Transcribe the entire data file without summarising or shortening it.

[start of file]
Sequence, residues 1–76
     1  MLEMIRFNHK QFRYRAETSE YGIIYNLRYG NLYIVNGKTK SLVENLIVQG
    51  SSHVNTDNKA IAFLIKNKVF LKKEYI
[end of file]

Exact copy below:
Sequence, residues 1–76
     1  MLEMIRFNHK QFRYRAETSE YGIIYNLRYG NLYIVNGKTK SLVENLIVQG
    51  SSHVNTDNKA IAFLIKNKVF LKKEYI